Parachute Cahill Variant
Last month, as part of our effort to keep this column to "basics" for awhile to see how that works
in connection with the tying contest, we featured the Parachute Adams. Here we feature another easy pattern Ron
Rabun's hatch imitator, a variant of the traditional "Light Cahill", tied originally in the Catskill
form. This variation features a parachute wing and an off-color body, with a suggestive ribbing. This variant will
suggest small summer caddis so plentiful around healthy streams, as well as summer evening hatches of light colored
mayflies. In a pinch, it also can imitate the "little yellow Sally" we all know and love.
1. Smash barb, cover rear half of shank with thread.
2. Form a tiny ball of fine pink dubbing just above rear of barb. This will serve to "splay" tail fibers.
3. Cut or strip about a dozen fibers from a cream spade hackle, and measure them to length of shank, for the tail.
Tie them on just ahead of the dubbing ball. When secure, wind thread back, forcing the fibers against the ball,
causing them to "splay" out. This provides a good silhouette, and stability on the water.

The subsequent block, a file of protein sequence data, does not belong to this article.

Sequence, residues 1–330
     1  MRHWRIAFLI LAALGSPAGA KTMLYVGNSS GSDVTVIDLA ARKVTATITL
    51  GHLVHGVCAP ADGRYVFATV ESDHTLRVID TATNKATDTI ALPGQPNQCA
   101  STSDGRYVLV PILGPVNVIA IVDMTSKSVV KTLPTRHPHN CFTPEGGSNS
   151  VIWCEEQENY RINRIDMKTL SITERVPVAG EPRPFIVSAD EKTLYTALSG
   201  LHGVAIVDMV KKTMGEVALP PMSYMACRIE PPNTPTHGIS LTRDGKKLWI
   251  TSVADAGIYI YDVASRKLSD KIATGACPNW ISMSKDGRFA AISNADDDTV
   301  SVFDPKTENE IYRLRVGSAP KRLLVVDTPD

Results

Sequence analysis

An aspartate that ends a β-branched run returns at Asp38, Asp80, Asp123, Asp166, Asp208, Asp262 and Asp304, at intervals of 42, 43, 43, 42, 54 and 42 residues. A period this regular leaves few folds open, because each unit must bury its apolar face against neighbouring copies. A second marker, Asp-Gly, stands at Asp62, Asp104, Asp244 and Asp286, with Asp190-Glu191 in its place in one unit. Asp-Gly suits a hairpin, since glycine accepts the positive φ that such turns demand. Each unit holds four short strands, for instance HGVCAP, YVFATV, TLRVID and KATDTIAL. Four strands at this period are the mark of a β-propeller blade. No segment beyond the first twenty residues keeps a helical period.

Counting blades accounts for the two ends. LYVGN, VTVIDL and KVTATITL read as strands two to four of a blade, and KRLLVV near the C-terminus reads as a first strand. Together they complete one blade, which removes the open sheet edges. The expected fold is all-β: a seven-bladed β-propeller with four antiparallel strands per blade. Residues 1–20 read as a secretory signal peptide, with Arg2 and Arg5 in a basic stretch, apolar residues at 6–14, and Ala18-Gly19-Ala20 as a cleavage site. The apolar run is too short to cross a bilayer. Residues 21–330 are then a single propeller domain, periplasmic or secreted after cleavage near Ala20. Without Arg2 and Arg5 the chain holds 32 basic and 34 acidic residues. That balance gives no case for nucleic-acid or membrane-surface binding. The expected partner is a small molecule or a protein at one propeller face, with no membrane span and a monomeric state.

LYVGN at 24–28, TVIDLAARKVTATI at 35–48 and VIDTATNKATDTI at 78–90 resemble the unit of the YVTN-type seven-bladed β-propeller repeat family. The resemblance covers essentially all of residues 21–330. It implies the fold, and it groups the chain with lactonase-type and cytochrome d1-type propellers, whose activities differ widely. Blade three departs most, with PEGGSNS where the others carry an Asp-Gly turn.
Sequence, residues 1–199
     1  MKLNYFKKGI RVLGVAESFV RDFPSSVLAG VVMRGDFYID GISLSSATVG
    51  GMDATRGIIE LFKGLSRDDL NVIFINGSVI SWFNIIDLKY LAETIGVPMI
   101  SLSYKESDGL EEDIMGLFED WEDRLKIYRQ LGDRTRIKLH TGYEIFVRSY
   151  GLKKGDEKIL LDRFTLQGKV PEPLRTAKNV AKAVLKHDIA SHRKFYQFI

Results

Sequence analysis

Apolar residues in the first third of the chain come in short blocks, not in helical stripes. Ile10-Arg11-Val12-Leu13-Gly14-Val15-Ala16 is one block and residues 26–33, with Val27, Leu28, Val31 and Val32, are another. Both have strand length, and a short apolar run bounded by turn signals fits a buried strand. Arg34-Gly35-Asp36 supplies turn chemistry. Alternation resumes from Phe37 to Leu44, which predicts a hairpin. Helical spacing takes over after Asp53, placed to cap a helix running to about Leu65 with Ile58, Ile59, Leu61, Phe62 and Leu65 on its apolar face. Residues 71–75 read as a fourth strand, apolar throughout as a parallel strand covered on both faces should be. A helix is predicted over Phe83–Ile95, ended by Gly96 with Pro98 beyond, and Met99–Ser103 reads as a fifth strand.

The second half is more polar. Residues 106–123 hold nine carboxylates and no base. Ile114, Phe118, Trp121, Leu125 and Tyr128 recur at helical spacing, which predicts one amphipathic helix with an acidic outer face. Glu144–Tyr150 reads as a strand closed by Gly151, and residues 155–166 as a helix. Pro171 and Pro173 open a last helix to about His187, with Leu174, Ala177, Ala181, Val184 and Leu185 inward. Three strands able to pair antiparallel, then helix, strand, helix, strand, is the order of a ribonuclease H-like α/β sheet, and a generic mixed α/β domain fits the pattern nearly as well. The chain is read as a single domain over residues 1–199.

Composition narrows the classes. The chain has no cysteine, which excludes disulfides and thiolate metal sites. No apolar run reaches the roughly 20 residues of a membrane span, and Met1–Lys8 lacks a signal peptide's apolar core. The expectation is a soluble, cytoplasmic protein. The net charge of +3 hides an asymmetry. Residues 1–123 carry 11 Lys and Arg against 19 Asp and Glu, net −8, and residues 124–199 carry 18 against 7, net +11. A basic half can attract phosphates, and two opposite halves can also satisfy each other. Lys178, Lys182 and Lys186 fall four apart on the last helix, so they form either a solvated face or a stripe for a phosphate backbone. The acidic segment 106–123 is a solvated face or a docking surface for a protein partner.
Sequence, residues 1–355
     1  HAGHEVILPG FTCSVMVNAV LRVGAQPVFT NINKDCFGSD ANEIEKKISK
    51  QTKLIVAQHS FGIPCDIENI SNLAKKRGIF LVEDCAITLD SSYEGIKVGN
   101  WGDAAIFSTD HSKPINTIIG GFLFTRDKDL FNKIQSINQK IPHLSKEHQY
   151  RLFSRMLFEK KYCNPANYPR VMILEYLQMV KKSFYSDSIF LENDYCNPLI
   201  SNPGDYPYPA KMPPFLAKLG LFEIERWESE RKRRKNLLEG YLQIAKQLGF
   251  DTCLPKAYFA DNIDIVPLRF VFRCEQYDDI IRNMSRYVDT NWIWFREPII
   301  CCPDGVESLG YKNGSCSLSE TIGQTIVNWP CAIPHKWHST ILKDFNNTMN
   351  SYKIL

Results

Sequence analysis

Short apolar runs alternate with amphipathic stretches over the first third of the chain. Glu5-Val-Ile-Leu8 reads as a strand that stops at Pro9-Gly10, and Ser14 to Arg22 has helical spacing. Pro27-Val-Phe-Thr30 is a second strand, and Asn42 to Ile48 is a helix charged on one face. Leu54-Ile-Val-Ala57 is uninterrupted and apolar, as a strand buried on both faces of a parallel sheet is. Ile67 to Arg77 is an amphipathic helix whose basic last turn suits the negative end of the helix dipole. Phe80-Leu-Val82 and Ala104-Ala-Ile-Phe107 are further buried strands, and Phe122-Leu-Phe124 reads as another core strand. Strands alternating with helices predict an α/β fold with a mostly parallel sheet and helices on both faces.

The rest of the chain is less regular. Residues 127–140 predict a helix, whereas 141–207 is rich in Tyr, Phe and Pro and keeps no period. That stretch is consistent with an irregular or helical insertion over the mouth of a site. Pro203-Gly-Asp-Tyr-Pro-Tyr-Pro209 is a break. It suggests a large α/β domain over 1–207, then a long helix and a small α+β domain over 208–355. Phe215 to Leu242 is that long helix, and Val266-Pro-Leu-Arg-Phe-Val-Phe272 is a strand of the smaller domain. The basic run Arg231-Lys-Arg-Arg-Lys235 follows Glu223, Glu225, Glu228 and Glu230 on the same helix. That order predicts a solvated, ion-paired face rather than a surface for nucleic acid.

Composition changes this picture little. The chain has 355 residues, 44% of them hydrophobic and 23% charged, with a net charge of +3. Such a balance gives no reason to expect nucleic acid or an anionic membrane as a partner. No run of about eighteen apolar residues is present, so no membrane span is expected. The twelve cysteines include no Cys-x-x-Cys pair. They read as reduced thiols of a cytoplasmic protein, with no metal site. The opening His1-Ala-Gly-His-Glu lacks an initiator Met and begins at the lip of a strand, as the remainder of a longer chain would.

4. Cover rest of shank with thread. Now cut and clean a small bunch of elk hair. Somewhere around 20-25 hairs will
5. Stack the hair, evening the tips. Measure it to length of shank, and tie it in at a point 1/3 of shank length
behind the eye with the tips pointing out over the eye. When secure, trim butts and tie them down securely.
6. Grab wing by tips and pull rearward, standing it up. Take 3 winds in front of it, and wind around its base while
pulling thread to rear and catching it in the remaining elk hair butts, about 4 times. This should stand wing up
straight and permanent.
7. Return thread to base of tail and tie in crystal hair rib. Now dub a sparse, tapered body to base of wing. Rib
body with 3 or 4 turns and tie off in front of wing.
8. Select appropriately sized hackle and tie it in with shiny side up and tip facing away from you. Tie in just
behind wing, leaving about 1/8" of stem for first wind around the posted-up wing.
9. Dub a thorax of the pink dubbing in back and front of wing, leaving thread hanging in front of wing. Remember
to keep 1/8" behind eye free of thread or material.
10. Grab tip of hackle with hackle pliers, and begin winding around the post. Take the first three winds up the
post, and the rest down the post, each successive wind beneath the previous one.
11. Tie off hackle in front of wing. This step is tricky; it will be demonstrated at the October meeting from 7:00-7:30.
12. Form a nice whip finish with a small head.